Most traders struggle with this as they find their mind naturally tends to view the market in the same way we view shopping in the real world – we look at things as either cheap or expensive. In our normal everyday life, when we go to a shop and things are on sale, it makes sense to buy them as you’re getting a bargain. When things are expensive, it makes sense to avoid buying them as it’s better to wait for a more reasonable price.
This line of thinking, whilst it’s beneficial in the real world, can work as a real detriment to traders. Generally, if a market is going down, it’s not cheap, it should be sold and look to buy it back lower. If a market is going up, it’s not expensive, we should be looking to buy it and sell it back higher. The moment we use our normal everyday mind to take decisions in the market, you can see it directly works against how the markets tend to operate.
What do consistently profitable traders do?
So what is the one thing I see that consistently profitable traders are able to do that is so different to the majority of people that lose money?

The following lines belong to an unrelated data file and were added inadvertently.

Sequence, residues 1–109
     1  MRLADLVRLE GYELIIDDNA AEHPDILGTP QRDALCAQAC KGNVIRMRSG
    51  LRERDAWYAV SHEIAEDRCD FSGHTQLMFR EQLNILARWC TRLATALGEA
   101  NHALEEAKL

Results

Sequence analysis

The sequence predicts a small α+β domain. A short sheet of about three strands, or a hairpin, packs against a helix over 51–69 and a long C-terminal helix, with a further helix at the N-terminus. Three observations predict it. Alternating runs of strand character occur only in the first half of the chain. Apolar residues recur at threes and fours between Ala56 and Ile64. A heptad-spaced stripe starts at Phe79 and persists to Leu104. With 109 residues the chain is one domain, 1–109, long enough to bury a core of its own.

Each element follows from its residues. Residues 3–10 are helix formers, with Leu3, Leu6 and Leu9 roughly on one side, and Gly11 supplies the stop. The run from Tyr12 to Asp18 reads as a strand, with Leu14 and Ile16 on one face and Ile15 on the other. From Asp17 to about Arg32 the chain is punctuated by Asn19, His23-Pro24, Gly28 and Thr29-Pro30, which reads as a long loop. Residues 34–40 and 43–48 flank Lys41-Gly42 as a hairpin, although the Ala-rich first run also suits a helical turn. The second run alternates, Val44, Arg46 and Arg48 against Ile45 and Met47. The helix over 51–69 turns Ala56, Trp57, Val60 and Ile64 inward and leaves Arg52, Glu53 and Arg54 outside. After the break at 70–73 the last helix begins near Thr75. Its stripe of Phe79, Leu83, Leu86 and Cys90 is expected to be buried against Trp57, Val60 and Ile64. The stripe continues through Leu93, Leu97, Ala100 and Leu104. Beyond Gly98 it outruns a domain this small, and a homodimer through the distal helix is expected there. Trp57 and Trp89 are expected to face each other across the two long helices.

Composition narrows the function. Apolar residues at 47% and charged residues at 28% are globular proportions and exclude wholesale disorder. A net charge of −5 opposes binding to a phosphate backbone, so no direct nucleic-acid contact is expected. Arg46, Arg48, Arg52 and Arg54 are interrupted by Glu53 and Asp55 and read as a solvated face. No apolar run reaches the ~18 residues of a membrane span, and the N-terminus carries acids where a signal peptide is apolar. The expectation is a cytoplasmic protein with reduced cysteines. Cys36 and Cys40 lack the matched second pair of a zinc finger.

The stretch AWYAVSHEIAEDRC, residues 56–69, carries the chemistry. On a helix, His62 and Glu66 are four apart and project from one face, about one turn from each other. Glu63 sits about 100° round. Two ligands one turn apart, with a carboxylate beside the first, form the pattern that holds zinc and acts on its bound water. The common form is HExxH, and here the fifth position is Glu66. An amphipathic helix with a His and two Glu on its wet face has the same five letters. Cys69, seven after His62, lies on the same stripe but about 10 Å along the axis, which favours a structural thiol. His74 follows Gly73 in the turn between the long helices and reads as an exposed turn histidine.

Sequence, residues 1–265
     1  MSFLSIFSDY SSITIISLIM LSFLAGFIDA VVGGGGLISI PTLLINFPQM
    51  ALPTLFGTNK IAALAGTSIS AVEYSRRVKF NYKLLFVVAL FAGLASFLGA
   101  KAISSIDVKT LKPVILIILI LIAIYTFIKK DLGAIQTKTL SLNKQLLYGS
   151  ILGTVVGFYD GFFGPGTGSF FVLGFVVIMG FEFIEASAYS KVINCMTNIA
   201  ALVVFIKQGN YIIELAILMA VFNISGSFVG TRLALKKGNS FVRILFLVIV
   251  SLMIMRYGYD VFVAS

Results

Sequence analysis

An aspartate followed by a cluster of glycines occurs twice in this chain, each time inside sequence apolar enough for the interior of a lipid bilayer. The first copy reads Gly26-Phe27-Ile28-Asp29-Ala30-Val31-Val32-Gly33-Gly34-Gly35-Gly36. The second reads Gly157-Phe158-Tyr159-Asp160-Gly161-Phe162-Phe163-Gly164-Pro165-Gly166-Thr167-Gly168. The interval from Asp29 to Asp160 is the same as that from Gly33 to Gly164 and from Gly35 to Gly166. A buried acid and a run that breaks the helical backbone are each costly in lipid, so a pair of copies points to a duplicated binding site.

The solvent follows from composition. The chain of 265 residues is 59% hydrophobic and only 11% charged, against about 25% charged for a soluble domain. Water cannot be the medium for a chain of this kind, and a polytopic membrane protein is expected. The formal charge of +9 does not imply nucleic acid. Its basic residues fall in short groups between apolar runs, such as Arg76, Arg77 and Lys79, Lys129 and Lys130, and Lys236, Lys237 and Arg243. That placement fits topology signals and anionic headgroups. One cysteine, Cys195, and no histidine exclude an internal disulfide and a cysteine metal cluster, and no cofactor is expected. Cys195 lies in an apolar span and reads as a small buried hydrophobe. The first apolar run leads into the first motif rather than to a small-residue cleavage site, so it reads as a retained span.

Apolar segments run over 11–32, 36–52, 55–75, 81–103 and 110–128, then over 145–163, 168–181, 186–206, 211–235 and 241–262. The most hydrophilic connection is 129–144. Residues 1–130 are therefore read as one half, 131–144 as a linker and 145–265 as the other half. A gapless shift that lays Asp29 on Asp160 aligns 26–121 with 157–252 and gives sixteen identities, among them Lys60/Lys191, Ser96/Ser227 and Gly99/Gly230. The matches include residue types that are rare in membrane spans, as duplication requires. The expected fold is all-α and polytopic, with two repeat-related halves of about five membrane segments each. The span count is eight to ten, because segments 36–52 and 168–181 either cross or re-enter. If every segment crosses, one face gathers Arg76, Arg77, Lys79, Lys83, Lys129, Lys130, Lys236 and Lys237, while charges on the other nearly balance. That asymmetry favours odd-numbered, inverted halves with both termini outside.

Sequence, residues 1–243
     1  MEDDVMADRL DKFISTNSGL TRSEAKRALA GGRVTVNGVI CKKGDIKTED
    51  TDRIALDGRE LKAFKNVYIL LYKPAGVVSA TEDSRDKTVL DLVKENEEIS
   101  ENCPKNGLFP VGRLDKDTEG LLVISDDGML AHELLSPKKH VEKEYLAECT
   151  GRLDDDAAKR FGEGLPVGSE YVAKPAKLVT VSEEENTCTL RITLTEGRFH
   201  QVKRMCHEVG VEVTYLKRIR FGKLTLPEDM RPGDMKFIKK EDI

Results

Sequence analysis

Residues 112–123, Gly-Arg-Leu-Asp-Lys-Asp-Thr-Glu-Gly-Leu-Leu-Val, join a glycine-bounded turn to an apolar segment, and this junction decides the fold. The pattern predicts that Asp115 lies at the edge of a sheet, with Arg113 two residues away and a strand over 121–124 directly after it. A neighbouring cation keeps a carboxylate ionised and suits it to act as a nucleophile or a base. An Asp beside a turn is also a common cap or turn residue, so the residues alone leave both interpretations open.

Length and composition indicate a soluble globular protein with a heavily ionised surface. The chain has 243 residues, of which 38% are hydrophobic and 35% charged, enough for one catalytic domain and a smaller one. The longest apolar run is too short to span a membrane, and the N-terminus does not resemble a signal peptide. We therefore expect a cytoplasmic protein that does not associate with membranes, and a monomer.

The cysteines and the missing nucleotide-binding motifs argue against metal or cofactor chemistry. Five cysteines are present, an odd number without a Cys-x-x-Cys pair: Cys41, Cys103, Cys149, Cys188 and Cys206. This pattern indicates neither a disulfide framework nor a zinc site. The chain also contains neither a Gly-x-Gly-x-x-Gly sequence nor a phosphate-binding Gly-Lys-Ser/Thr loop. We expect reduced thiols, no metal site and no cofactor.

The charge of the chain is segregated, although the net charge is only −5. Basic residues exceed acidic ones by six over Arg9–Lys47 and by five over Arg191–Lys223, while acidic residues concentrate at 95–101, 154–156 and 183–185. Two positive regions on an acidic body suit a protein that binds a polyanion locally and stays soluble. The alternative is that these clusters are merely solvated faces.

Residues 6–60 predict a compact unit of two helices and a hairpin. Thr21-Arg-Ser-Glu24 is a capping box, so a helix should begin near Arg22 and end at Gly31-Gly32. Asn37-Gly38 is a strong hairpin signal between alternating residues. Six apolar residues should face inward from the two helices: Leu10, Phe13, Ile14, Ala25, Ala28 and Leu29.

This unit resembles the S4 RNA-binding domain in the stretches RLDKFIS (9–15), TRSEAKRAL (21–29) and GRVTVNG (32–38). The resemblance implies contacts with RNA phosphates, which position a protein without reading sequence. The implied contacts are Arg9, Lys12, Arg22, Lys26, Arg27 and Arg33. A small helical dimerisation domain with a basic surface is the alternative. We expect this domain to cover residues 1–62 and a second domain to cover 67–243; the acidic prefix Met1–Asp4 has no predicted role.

If I had to pin it down to one thing which I believe encompasses everything we’ve discussed, it would be thinking about the markets in a probabilistic manner.
It’s not the way our minds are wired, but it’s the one thing that gets us to think about the markets in a way which we can consistently extract money from over an extended period of time.
So what does a probabilistic mindset encompass?
It means viewing the markets like you’re the owner of a casino – not a casino customer. Let’s start at the basics – how and why do casinos make money in the long run? They too are operating in an environment whereby the outcome of the next game is never certain – but yet they are able to extract profit consistently. Casinos do one thing in every game available – they have an edge.